Remembering Margaret (Maggie) Nieland (Mueggenborg)
(1881 - 1962)
from David Nieland, recollections in
2004 and Joe Voss, phone conversation in 2000
Antone [1876-1922] and Maggie (Nieland) Mueggenborng
[1881-1962] moved to Oklahoma before 1909. Their first two children
were born in Iowa and the third was born near Okarche. She told
me they moved to Oklahoma two years before Oklahoma became a state
and that was 1907. People they knew from Breda had gone out to
Okarche and found land that Antone thought would be good to farm.
Maggie borrowed money from her bachelor brother, Hein [Henry G.
Nieland 1876-1931] to buy land. Antone went first and Maggie and
the children followed, traveling by train. They loaded all their
household goods into a boxcar. I don't know how much livestock
they took - but they did take the chickens and likely a cow. Hein
rode in the boxcar with all the family's worldly possessions and
Maggie and the children rode in the passenger cars.
The house Maggie moved into on the farm in Oklahoma
was pretty primitive, even for the times. She told of putting
the legs of the kitchen table in cans of kerosene to keep the
bugs off the table. She put the food and the baby (probably in
a crib or basket) on the kitchen table to keep both safe from
the bugs. When the wheat needed to be shocked, the family would
work in the field at night, because it was too hot to do such
heavy work in the Oklahoma summer. The baby slept on the kitchen
table while all able hands worked in the field.
Maggie never had her hair cut. When Antone died
she wanted to have it cut, but Grandpa [Henry] Nieland asked her
not to cut it. He said he used to comb and braid her hair when
she was a little girl, before she went to school. He asked her
not to have it cut because of that. She did that for him. Maggie
later broke her arm and could not comb her hair and again she
wanted to have it cut. Her children said, "No!" and
one of them came every day to comb and fix her hair until her
arm healed. Her hair was never cut - once by request of her father
and once by the request of her children.
Joe Voss says the farmhouse was not much protection
from the cold either. It had linoleum on the floor and the Oklahoma
wind blowing under the door would raise the linoleum.
The family started in Oklahoma with very little
money and a big debt. Joe says they may have arrived too late
to plant the first year on the land. Antone walked the roads near
the farm and collected wild sunflower stalks with the seed heads.
He piled them behind the chicken shed and the chickens fed on
the sunflower seeds the first winter. The family is said to have
survived on eggs and "blue sky" gravy. The recipe for
this is simple - flour, a bit of any fat you have (butter, chicken
fat, lard), heated in a cast iron skillet. Then add milk or water
and cook until it thickens.
as told by Loretta Voss Schaefer, November 2001
"I remember that Grandmother [Maggie Mueggenborg]
had several horses in the barn there [Okarche, OK]. My uncle Clements
usually rode after the cows. I might add, that on one of his rides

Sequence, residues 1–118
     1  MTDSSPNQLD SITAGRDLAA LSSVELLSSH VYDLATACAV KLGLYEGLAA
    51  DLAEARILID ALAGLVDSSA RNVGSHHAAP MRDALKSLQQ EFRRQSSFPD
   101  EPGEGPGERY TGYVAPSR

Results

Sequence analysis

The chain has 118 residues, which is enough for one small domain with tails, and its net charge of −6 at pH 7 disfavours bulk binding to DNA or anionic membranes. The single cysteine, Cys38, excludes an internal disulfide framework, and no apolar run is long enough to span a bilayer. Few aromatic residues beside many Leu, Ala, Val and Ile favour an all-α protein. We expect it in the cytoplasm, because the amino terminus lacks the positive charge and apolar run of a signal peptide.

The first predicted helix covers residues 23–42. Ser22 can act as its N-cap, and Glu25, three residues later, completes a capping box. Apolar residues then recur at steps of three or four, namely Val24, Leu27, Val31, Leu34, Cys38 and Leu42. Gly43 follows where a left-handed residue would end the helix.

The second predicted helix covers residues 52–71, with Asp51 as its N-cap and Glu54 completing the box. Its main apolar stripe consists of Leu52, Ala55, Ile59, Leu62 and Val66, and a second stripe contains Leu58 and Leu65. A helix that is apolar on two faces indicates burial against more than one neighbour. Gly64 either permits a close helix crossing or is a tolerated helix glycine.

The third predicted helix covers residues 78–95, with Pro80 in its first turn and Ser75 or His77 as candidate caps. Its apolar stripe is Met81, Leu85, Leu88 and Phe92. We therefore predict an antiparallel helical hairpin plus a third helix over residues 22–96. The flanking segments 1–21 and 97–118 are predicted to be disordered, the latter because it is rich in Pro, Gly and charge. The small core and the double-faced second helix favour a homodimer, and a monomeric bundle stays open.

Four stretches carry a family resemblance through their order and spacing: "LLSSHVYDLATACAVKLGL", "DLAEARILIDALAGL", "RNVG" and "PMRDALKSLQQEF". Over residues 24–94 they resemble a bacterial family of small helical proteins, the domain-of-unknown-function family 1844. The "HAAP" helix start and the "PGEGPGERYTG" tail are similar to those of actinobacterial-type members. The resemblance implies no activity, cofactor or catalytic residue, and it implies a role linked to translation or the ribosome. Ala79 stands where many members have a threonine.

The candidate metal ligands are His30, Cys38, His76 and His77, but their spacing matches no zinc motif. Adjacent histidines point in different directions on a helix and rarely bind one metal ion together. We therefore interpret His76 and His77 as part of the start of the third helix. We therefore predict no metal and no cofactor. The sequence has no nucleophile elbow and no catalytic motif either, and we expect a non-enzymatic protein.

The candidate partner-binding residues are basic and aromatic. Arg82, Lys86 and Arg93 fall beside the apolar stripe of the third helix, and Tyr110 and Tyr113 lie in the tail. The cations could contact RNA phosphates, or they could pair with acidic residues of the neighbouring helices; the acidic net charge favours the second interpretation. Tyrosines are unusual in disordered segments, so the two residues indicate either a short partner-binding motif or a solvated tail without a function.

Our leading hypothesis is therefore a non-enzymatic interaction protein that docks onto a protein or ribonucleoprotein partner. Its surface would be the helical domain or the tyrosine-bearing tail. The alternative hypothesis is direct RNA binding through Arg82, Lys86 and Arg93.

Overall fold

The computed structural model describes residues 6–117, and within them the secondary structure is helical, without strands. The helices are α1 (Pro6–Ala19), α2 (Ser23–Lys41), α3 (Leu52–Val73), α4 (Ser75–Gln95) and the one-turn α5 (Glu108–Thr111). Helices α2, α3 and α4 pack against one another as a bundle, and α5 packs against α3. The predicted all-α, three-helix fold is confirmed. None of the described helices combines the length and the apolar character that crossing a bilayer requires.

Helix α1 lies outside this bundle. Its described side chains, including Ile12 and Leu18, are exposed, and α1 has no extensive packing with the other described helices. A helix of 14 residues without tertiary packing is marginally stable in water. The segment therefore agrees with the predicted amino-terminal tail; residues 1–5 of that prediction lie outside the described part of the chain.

to get cattle in he jumped off the horse, broke his leg, and later
developed cancer of the bone as a result of the break. Back then
(1937? or so) there was nothing to be done for cancer so at the
young age of 28 or so he died. What we question now is, 'Did he
have cancer of the bone which caused it to break, or did the break
cause the cancer?' "
as told by Lorraine Nieland Starman,
was a very nice woman and my dad, mom, my brother Dennis and I
attended one of her sons' wedding in Oklahoma in 1940. She let
me ride a saddle horse she had and he headed straight for the
barn with me on the saddle. The bottom barn door was open but
not the top one. I ducked down just in the nick of time!"
as told by Joan Wittry
(Hannasch), December, 2001
Regarding our visit to Oklahoma, Clarence also had
cousins, the Krauses, in the Okarche [Oklahoma] area. One of my
cousins [Agnes Osterholt, born 1930] in Oklahoma married one of
his [Clarence Kraus, born 1923] so, on our honeymoon, we drove
down to visit them.
His cousin, also Clarence, had a combine that was
huge and they had begun to follow the wheat harvest to earn money
to pay for this big machine. They had a convoy of rigs and trucks
and worked from dawn to dark seven days a week from Oklahoma to
Canada all summer.
After the harvest, they returned the visit, coming
to see us at Carroll. While in Oklahoma we saw several of our
cousins and went through the Ozarks on our way home. This was
Clarence [Kraus, Joan's first husband] died in 1952,
from injuries in a car accident during a fierce rainstorm that
flooded the road and he crashed into a bridge. Our sons, LeRoy
and Gerald [Kraus] were so young. Lee was 2 and Gerald 8 months
Grandpa Kraus and a neighbor helped do the farm
work until we harvested the crops and had a farm sale. A man who
had once lost his wife and people helped him out, repaid his debt
by organizing people to come and help do our harvesting. I never
knew this man until years later.
Since the Kraus farm was then rented to someone
else, we moved to Carroll, first renting a small house and later
buying our own.
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